About Marc Baets
During the late 17th century and the first half of the 18th century there was in Flanders a revival of the elder style of landscape painting.
Inspired by Jan Brueghel the Elder (Brussels 1568 – 1625 Antwerp) younger generations of Flemish painters respectfully painted very attractive landscapes with peasant scenes in fresh colours. Typical of all of them is a bucolic sense of happiness, of “joie de vivre”, with small figures in anecdotally detailed poses set against a backdrop of a pleasing landscape or of some buildings.
Best known are:
His son Jan Brueghel II (Antwerp 1601 – 1678 Antwerp)
Isaac van Oosten (Antwerp 1613 – 1661 Antwerp)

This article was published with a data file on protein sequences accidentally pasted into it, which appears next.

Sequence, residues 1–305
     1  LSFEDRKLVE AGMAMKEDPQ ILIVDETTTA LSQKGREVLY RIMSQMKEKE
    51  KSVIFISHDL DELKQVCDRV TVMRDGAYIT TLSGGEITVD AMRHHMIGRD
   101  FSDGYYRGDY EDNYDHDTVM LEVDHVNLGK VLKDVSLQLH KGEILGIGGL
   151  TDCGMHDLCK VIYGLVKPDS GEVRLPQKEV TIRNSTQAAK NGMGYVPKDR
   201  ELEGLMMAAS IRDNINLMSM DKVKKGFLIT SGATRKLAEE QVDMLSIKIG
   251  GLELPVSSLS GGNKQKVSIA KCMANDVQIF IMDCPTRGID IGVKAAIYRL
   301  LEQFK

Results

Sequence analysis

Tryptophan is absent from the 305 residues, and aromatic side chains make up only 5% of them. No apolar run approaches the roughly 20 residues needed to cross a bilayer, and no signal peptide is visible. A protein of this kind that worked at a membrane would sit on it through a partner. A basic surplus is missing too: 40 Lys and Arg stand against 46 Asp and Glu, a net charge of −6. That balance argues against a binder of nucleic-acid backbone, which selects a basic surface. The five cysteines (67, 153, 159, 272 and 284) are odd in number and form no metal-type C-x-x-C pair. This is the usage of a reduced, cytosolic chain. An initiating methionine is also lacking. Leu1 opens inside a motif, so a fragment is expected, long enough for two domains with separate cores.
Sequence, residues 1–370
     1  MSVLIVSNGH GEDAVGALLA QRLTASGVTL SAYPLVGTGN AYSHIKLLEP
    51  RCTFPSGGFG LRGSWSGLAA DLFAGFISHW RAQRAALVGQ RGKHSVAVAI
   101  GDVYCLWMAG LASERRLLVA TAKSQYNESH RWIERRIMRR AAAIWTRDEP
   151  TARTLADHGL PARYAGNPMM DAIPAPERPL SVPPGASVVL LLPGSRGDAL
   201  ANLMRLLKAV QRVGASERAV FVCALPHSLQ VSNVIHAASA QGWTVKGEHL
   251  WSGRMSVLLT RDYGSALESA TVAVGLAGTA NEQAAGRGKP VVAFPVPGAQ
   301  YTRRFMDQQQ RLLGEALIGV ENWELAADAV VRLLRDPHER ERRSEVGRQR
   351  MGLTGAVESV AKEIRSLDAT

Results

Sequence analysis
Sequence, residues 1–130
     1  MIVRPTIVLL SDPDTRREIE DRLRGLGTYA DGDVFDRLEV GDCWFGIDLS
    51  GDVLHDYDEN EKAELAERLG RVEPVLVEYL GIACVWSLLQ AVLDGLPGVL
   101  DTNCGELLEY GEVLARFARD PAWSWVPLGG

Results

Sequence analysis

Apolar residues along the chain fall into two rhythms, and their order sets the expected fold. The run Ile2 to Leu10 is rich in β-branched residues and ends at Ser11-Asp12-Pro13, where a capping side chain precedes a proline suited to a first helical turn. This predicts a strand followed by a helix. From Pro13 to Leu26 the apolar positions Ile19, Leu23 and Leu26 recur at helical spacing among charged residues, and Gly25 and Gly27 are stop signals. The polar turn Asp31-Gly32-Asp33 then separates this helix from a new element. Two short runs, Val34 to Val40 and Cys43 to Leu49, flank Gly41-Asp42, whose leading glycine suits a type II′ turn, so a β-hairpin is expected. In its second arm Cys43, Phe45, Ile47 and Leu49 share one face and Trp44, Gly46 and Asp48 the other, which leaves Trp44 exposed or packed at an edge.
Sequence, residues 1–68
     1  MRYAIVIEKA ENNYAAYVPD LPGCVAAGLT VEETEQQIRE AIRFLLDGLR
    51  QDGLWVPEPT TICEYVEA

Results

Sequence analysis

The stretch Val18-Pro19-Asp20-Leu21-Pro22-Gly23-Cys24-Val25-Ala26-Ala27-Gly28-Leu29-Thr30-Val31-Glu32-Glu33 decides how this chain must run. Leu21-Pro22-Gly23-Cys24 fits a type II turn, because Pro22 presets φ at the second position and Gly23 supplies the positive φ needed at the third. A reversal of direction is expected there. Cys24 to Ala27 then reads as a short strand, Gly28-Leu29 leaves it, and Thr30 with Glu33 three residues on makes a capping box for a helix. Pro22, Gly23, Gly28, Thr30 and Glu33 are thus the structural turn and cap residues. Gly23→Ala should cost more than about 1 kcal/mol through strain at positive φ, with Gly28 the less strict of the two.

Pieter Gysels (Antwerp 1621 – 1690 Antwerp),
Adriaen Frans Boudewijns (Brussels 1644 – 1711 Brussels)
Peter Bout (Brussels 1658 or earlier – 1719 Brussels)
Theobald Michau (Tournai 1676 – 1765 Antwerp)
Joseph van Bredael (Antwerp 1688 – 1739 Paris)
Carel Beschey (Antwerp 1706 – 1776? Antwerp?)
Balthasar Beschey (Antwerp 1708 – 1776 Antwerp).
Our painter also belongs to this group of followers of Jan Brueghel I.
Sadly nothing is known about Baets, although a lot of his paintings are known and even a fair number of them are monogrammed “M.B.
He was active in Antwerp in the first half of the 18th century.
Typical of Baets are:
- his use of the old fashioned Flemish three-colour-scheme: brown tonalities in the foreground, green in the middle distance and blue in the background;
- the high viewpoint and the high horizon;
- the ruined building with arches in the right or left foreground;
- the genre-like figure staffage;
- the romantic river landscape in the middle background.
Why should you buy this painting?
Because it is a pleasant, decorative, colourful small landscape painting.